By: Kurt Snyder & Holly Horning
Saturday’s segment is a day to touch on many different issues. Even with the season over for the Tigers, there is still much to talk about.
Kurt and Holly don’t share and it’s only for the readers’ benefit. It almost always translates into a wide array of thoughts; well, most of the time.
Innovation continues to change the way the game is played and the way a game is managed. Infield shifts have now become the norm in baseball and now managers are beginning to introduce a hybrid type reliever; i.e. the Indians with Andrew Miller being employed in different roles when he seems to be a classic closer. Teams that become more creative strategically will be the ones at the top of divisions going forward.
I am not going to lie, I found some satisfaction in seeing Max Scherzer denied once again of having his cake and eating it, too. Leaving Detroit for bigger money left a bad taste in my mouth to start with; but watching his team bow out of the playoffs didn’t hurt my feelings. Not to be ignored were the gutsy performances of the Dodgers’ Kenley Jansen and Clayton Kershaw who teamed to put the Nats away.
What the heck, while I’m telling the truth, I guess I won’t hesitate to admit finding pleasure in watching Dombrowski’s Red Sox team go down either. I think we can all agree in Detroit that the last thing we wanted is for DD to head to another team and win a championship right out of the gate. And the clean sweep made it even a little sweeter; sorry Dave.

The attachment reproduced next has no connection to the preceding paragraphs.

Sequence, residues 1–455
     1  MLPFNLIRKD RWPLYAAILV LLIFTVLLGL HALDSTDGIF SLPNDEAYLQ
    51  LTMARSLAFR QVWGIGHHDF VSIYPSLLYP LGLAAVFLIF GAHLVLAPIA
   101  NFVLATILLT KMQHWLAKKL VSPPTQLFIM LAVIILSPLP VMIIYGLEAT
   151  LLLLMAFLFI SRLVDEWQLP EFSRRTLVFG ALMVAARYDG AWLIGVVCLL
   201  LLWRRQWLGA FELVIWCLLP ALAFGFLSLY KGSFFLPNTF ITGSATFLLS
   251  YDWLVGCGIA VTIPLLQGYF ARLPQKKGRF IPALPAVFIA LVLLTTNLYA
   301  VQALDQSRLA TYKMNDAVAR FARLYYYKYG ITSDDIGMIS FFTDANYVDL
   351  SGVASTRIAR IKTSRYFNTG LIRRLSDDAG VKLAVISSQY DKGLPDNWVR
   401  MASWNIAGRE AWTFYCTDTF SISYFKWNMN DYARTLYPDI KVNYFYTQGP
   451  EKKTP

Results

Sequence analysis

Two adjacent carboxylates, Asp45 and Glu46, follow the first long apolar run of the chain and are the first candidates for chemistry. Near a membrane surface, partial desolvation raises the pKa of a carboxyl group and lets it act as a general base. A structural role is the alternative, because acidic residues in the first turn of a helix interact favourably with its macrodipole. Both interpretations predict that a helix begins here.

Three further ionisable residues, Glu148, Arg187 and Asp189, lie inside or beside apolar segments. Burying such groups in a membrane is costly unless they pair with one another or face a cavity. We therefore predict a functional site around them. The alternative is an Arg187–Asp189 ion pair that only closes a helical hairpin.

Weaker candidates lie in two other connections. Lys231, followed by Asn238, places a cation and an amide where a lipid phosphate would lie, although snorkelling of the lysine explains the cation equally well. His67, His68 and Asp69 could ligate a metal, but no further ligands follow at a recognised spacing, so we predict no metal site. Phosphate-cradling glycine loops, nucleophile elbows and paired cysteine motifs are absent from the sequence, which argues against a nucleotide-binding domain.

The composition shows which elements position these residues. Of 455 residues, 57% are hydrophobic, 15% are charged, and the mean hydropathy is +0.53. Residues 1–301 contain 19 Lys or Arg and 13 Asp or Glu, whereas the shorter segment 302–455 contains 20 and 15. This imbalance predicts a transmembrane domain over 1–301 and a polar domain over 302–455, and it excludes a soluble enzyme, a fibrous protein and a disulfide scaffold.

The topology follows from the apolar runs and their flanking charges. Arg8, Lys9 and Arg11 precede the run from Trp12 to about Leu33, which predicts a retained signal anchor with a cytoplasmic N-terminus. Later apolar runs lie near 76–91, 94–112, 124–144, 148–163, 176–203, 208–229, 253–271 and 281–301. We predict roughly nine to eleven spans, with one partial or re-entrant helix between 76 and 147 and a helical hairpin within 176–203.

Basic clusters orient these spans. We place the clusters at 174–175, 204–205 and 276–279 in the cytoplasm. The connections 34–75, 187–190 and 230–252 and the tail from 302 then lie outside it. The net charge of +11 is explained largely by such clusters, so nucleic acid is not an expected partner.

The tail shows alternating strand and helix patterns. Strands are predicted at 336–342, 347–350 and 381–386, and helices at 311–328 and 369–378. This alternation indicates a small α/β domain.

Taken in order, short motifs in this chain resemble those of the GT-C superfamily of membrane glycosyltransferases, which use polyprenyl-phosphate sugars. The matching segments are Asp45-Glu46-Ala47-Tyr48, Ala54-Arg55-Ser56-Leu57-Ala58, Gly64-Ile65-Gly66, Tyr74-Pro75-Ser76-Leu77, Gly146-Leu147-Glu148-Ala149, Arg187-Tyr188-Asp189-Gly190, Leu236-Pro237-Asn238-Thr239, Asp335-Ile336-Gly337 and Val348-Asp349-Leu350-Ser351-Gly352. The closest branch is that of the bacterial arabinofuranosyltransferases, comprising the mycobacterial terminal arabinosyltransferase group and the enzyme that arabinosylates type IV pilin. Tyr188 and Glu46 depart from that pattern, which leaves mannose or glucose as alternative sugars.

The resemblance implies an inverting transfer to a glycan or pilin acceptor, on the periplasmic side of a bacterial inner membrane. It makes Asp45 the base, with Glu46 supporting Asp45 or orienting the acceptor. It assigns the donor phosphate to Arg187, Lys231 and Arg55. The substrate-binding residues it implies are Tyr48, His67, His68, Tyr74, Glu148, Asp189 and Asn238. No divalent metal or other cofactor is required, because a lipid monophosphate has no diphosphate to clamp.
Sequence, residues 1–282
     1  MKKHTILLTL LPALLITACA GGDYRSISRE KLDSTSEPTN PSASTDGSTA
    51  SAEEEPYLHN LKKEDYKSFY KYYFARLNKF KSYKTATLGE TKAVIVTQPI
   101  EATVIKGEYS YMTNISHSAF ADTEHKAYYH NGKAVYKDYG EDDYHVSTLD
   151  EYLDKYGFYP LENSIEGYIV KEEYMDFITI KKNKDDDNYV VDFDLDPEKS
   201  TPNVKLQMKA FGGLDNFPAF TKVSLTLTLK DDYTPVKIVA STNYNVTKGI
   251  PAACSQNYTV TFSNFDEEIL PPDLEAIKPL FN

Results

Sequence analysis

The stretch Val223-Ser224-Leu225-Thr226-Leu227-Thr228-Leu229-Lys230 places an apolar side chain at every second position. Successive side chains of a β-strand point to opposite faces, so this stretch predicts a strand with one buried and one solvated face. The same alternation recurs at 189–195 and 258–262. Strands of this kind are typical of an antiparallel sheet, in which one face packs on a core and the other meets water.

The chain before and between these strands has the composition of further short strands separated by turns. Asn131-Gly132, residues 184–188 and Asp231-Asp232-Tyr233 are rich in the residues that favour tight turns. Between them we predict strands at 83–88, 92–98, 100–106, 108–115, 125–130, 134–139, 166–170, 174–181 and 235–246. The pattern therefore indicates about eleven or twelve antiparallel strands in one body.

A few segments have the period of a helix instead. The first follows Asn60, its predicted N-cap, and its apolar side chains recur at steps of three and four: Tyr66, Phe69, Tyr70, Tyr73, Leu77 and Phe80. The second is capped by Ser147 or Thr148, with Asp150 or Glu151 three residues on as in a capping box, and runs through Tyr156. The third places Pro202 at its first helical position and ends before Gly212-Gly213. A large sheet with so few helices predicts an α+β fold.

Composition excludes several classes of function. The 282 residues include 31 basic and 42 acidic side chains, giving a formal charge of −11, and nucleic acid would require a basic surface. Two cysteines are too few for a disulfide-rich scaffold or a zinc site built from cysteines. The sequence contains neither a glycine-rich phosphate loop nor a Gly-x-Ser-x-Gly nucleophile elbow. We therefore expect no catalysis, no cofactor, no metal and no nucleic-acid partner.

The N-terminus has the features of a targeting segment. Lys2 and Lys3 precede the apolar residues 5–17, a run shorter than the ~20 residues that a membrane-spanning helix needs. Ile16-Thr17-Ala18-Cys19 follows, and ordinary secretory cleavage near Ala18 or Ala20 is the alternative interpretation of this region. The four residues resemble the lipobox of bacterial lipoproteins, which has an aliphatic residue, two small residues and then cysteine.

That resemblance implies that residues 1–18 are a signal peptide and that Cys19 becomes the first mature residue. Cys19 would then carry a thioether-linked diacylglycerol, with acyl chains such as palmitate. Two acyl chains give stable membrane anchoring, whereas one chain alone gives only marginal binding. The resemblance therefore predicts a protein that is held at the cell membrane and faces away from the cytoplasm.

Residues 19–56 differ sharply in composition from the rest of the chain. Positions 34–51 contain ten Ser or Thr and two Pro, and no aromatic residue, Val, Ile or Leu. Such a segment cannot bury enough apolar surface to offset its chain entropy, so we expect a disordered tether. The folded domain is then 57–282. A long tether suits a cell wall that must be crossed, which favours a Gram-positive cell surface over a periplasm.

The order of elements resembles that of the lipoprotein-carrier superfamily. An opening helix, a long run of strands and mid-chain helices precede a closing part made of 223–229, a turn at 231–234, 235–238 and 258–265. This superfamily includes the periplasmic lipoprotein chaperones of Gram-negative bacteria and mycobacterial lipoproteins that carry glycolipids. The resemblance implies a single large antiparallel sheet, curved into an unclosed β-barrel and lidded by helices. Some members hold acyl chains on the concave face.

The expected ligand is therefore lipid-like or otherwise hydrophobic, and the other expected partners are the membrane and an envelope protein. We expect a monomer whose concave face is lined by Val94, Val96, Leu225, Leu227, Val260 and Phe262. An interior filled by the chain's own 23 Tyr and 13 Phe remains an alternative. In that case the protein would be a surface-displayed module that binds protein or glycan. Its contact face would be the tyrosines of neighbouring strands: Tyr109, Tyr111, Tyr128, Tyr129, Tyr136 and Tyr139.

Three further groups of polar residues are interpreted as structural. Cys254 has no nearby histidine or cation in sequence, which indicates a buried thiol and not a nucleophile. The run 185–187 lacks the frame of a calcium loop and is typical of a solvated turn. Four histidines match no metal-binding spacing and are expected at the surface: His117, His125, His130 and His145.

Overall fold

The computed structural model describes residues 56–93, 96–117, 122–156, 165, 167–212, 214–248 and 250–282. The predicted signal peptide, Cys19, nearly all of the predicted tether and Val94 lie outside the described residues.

Using closers in the middle innings, using starters as closers on 2 days’ rest, playing small ball early on in order to score the winning runs and playing with the highest sense of urgency. These were the playoffs so far – games that resembled chess matches between managers more than they did baseball. Even if the Tigers’ roster gets stronger, and Brad gets better, how can he possibly compete against guys like Bochy, Maddon and Francona, who have honed their strategies and gut instincts from years of managing and playoff experience?
Boston ain’t Detroit, Dave – where fans have zero tolerance for losing and aren’t thrilled with his reputation because he never won it all in Detroit. Online petitions have circulated all year for firing Manager John Farrell, despite the Bosox standings, 93 wins, first place finish and playoff participation. In the end, Dombrowski made no real commitment to Farrell’s future by offering his manager a one-year extension, just like Al Avila.
Who will be named the Tigers’ new hitting coach? Will it be Lloyd McClendon, the former hitting coach for Detroit as well as a former MLB manager who would like to manage once again? Or, could it be Victor Martinez as a part-time player/coach which would help answer concerns about his obvious physical issues and untradeable contract while also helping the team justify his salary and save a little money on one less hire.